We introduce a theoretical framework called precision crowdsourcing whose goal is to help turn online information consumers into information contributors. The framework looks at the timing and nature of the requests made of users and the feedback provided to users with the goal of increasing long-term contribution and engagement in the site or system. We present the results of a field experiment in which almost 3000 users were asked to tag movies (plus a null control group) as we varied the selection of task (popular/obscure), timing of requests (immediate or varying delays), and relational rhetoric (neutral, system reciprocal, other users reciprocal) of the requests. We found that asking increases tags provided overall, though asking generally decreases the provision of unprompted tags. Users were more likely to comply with our request when we asked them to tag obscure movies and when we used reciprocal request rhetoric.
|Original language||English (US)|
|Title of host publication||Proceedings of the 19th ACM Conference on Computer-Supported Cooperative Work and Social Computing, CSCW 2016|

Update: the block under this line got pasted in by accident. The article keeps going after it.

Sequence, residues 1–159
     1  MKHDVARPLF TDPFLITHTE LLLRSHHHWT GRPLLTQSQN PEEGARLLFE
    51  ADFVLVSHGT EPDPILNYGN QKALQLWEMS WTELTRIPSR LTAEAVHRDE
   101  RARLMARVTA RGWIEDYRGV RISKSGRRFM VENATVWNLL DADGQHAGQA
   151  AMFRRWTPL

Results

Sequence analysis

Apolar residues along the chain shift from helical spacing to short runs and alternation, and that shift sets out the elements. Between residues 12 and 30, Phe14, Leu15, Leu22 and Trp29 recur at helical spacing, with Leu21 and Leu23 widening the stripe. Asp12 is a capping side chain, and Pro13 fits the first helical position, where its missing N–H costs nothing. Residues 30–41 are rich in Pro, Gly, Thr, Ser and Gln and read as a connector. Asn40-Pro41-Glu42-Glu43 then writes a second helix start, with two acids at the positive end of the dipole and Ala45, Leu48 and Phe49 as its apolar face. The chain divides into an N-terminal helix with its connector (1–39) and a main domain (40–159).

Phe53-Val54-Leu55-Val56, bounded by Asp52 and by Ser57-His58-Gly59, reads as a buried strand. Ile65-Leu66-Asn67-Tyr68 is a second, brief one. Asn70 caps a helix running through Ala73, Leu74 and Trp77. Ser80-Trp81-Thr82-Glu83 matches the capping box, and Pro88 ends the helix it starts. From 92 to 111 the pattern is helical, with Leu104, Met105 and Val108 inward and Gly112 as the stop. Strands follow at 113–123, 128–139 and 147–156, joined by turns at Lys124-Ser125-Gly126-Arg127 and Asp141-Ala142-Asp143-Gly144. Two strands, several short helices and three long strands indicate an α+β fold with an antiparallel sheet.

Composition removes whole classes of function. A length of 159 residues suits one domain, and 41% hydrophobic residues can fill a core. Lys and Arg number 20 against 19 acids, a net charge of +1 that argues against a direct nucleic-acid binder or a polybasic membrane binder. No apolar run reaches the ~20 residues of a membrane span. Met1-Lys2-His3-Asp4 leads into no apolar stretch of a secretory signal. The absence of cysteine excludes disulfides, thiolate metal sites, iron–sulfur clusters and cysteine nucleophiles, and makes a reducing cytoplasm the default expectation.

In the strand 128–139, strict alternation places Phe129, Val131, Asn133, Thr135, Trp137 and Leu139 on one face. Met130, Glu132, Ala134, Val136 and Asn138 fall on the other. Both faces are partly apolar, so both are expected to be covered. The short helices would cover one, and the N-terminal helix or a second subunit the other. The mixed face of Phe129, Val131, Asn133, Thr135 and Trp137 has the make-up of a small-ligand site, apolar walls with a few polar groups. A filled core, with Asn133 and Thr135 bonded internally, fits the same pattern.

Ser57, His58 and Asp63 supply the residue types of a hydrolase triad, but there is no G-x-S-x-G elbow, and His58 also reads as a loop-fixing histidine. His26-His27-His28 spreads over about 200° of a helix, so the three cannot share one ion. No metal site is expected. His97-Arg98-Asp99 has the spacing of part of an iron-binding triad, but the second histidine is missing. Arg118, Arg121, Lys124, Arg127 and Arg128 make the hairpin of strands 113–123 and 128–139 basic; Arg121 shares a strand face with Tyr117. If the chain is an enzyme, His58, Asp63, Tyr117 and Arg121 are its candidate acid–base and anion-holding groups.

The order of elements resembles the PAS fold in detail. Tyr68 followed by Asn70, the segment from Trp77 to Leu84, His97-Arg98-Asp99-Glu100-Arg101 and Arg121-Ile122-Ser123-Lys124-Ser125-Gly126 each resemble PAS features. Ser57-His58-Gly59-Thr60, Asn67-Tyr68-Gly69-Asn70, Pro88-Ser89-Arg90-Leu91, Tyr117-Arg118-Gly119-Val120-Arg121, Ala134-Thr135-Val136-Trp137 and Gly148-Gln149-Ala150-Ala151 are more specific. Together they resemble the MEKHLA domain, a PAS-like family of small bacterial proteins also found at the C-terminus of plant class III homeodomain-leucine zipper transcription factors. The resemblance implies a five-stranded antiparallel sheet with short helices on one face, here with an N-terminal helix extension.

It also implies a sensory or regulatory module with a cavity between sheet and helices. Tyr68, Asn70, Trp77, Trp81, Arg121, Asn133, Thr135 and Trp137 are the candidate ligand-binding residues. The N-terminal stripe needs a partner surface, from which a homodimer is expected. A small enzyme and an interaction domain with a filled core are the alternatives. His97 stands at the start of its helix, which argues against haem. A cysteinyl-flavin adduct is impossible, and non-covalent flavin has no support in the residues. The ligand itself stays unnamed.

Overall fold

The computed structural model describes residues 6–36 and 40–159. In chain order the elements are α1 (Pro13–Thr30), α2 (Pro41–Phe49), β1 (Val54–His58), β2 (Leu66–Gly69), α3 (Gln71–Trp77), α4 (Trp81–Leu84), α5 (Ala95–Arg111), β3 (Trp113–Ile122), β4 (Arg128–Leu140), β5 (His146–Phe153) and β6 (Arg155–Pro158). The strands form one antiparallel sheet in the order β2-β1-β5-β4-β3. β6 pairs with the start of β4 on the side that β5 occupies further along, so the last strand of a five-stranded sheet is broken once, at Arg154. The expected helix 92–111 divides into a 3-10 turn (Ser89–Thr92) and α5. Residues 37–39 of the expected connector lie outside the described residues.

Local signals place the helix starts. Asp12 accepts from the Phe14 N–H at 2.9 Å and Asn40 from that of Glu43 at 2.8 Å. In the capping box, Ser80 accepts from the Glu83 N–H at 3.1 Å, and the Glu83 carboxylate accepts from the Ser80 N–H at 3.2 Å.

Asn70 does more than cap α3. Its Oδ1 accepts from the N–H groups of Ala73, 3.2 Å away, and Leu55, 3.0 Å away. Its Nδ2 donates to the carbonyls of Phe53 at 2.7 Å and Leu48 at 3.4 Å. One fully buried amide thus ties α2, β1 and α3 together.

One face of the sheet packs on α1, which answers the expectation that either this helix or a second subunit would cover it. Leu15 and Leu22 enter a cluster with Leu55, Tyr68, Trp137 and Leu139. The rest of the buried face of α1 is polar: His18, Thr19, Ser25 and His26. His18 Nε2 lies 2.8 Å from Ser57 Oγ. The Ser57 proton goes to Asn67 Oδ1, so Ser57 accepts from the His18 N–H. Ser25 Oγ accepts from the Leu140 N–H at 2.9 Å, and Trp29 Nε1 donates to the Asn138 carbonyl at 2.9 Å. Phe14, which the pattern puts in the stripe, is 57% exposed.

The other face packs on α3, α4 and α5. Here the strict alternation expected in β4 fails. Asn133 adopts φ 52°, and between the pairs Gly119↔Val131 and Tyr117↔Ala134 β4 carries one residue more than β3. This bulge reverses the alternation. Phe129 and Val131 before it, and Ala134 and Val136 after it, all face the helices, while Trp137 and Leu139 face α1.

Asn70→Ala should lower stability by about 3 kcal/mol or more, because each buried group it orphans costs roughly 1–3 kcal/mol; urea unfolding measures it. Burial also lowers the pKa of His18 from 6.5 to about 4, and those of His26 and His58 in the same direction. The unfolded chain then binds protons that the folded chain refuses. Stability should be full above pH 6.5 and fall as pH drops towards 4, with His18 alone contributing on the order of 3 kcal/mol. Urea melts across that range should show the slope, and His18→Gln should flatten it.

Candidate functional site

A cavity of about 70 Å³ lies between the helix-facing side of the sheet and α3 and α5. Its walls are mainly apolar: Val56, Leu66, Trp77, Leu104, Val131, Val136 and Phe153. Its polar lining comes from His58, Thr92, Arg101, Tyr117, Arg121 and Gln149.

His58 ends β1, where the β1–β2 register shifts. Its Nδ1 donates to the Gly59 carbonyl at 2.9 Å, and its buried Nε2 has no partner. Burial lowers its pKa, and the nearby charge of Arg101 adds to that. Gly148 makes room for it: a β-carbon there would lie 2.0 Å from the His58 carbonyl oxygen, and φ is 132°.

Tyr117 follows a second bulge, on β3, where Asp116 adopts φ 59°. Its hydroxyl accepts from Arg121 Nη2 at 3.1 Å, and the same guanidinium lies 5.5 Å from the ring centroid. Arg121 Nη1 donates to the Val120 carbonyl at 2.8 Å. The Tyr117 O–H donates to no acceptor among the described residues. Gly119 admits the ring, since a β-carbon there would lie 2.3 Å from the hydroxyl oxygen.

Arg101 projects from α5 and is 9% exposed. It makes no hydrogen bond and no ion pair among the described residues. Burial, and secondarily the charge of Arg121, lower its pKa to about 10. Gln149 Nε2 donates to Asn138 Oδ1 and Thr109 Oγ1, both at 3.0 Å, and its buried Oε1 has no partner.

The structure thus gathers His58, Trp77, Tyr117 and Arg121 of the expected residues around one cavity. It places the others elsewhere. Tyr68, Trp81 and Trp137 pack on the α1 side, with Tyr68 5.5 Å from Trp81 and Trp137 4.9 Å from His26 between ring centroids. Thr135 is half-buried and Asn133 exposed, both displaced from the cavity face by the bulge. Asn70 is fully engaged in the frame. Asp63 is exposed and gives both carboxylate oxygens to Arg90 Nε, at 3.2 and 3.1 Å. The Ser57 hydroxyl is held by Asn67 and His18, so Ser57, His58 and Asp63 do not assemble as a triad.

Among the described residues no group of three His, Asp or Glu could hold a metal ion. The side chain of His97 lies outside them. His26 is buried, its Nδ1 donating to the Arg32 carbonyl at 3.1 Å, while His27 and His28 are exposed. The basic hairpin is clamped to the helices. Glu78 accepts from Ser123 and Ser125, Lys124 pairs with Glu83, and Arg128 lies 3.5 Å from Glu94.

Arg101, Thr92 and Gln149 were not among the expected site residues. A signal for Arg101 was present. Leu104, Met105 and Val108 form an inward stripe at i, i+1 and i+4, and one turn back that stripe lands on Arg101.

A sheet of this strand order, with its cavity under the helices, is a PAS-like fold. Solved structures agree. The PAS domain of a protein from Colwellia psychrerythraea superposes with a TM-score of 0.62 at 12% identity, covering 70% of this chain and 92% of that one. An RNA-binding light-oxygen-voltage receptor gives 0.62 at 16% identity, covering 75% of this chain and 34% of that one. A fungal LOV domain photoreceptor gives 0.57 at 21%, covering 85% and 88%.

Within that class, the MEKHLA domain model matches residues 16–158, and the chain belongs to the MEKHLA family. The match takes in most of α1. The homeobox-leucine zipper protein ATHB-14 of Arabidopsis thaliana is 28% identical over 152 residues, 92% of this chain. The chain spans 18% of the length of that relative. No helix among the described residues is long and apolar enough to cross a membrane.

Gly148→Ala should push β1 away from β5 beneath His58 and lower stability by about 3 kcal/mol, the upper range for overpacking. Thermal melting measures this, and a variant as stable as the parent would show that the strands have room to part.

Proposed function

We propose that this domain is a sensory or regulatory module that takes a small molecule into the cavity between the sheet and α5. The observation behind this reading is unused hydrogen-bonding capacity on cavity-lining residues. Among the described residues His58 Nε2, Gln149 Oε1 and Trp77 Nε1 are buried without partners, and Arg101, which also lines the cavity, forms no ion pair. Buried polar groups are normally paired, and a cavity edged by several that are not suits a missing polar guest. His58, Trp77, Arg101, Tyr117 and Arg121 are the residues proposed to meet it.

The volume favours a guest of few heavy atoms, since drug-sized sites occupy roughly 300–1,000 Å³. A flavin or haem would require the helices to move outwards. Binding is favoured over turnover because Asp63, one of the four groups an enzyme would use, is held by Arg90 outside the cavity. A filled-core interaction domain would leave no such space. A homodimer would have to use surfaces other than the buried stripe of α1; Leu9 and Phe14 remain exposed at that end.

|Publisher||Association for Computing Machinery|
|Number of pages||11|
|State||Published - Feb 27 2016|
|Event||19th ACM Conference on Computer-Supported Cooperative Work and Social Computing, CSCW 2016 - San Francisco, United States|
Duration: Feb 27 2016 → Mar 2 2016
|Name||Proceedings of the ACM Conference on Computer Supported Cooperative Work, CSCW|
|Other||19th ACM Conference on Computer-Supported Cooperative Work and Social Computing, CSCW 2016|
|Period||2/27/16 → 3/2/16|
Bibliographical noteFunding Information:
This work was supported by National Science Foundation with awards IIS-0808692, 0964695, 0968483, 1017697 and 1319382 and Google Social Computing Focused Research program.
© 2016 ACM.
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